I decided to play around on different bands at different times of the day to see what might work for me. It turns out that 15 meters was open on Sunday afternoon, although signals would go from "loud and clear" to virtually non-existent for the same station sometimes in less than a minute. (This is what hams call QSB.) What I did was to stick it out on 15m for a while and try to catch stations on the "upswing". If I did the contact quickly, it usually worked surprisingly well. The really good news is that a lot of other stations were off on other bands (mostly 20 meters) which was a lot more stable. The guys on 15m were calling CQ without anybody answering, so as long as I could hear them reasonably well (i.e., I was at the QSB peak, not trough), I could get through easily. That made things a whole lot of fun. I'll definitely keep that in my bag of tricks for the future.

Another thing I learned was to get on 75 meters late at night. Sharon & I had gone out for dinner and got home late on Saturday night. We watched a little TV, and I came down to turn off the radio and computer, and decided to make a couple of contacts. It was about 12:30AM (EST) at this point, and I figured I'd just spend a few minutes then turn in. The big surprise for me was that I probably worked more stations faster starting at that point on 75 meters than I'd done all day (and probably faster that all day today as well. There were a lot of stations, but most of them weren't working anybody, just CQing, so usually it was one quick call from me and they were in the log. I wound up will well over 100 stations on 75m just from Saturday alone, and finally at about 2:30AM I decided to head up for bed. Another lesson learned: Go out, have a nice dinner, then, after midnight, have fun on 75m.

As I mentioned, I re-learned something too: Radio can be relaxing. I hadn't made a specific plan for this contest, but I figured that over the course of the 2 days (actually the contest runs for 30 hours, you can operate 24 maximum) I would operation maybe 4 hours. I wound up operating about 12 hours, mostly because I was having fun doing it. I know that I'm not going to win anything, and I really don't care about that. It was nice to forget about work and whatever other stresses I deal with and just "play radio".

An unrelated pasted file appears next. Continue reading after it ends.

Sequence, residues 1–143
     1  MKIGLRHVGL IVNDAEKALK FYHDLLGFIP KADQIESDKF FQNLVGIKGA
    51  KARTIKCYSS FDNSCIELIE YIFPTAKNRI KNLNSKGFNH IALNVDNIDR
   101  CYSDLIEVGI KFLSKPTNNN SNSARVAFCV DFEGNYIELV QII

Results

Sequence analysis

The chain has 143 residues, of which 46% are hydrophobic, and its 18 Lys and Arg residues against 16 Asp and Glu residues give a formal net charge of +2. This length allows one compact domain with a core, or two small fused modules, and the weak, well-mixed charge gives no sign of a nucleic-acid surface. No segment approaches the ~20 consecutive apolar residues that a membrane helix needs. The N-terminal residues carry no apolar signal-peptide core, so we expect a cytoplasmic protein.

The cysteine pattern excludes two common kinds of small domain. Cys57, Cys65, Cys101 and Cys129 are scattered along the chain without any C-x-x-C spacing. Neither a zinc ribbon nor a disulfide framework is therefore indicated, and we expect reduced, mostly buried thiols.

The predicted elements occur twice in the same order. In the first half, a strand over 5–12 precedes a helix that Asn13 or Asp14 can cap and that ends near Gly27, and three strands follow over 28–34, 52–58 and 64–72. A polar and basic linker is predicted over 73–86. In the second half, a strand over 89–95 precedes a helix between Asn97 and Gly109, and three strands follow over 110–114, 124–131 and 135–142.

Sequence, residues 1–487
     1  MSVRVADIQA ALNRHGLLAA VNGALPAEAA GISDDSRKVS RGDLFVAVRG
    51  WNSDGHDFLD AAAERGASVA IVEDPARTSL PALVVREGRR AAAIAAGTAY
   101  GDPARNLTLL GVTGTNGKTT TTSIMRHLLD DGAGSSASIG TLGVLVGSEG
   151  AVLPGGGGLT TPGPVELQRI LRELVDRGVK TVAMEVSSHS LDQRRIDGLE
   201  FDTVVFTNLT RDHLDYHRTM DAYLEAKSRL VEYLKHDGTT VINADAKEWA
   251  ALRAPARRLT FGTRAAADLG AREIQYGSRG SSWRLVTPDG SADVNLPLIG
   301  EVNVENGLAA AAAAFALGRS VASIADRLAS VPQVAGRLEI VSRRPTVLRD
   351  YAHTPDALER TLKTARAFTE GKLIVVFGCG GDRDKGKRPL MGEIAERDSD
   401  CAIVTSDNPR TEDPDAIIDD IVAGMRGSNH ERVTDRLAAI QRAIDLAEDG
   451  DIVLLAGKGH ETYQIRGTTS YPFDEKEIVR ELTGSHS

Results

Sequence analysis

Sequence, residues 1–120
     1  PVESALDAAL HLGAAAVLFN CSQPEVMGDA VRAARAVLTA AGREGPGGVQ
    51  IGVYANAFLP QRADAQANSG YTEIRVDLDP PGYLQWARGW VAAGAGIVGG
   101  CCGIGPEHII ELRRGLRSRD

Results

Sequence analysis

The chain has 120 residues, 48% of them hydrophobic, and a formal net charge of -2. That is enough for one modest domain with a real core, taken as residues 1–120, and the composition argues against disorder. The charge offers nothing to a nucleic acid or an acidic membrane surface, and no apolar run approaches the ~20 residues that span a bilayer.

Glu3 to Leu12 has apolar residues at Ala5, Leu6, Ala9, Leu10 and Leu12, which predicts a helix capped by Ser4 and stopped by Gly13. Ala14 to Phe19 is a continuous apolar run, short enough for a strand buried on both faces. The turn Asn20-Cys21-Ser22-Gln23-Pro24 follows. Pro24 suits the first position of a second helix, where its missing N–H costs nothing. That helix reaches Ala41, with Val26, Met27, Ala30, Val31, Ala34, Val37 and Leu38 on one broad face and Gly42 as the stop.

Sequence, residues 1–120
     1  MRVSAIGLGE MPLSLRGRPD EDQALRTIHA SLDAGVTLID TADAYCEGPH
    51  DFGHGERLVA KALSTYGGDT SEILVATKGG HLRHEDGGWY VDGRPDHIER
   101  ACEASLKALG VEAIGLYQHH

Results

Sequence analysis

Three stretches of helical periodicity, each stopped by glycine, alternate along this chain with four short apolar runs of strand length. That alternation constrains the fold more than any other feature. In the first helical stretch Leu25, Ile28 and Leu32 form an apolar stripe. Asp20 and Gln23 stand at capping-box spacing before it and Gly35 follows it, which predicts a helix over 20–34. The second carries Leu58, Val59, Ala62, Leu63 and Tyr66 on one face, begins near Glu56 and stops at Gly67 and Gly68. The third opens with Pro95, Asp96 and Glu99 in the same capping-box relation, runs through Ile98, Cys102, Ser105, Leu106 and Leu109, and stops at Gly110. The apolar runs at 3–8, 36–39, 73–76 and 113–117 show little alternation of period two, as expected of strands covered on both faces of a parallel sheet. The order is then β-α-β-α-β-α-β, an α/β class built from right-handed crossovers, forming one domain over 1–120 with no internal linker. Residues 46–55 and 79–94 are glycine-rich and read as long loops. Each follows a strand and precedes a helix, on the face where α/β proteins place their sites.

Monday, November 12, 2007

Twitter id change

Real quick update: I just changed my ID on twitter to k2dbk since I sort of plan to keep most postings there ham-related. I'm not sure if Twitter is smart enough to keep you following me once I change my ID, but I figure I'd just post something here anyway.

Saturday, November 03, 2007

2007 CQ WorldWide DX SSB Contest

Last weekend was the CQ WorldWide DX Contest (Single Sideband; the CW version takes place in November). Regular reader know that I "fool around" in contests (and occasionally actually win an award here and there), but rarely take things very seriously. CQ WW DX is considered one of the "big" DX contests annually, so there's a lot of activity. As I've previously mentioned, I often shy away from the really big contests because with my "peanut whistle" station ("peanut whistle" is a term used in ham radio to refer to a relatively small station; the other end of the scale is "big gun", like K3LR or W3LPL [my pictures taken during his 2005 open house] or dozens of others), it's very difficult to even make contacts, much less even pretend to be competitive. On top of that, being at the bottom of the solar cycle makes things worse, and very often it's tough for me to devote any considerable amount of time over a weekend uninterrupted. (I know; contest purists would tell me to make time. I try, but family and other obligations take precedence.)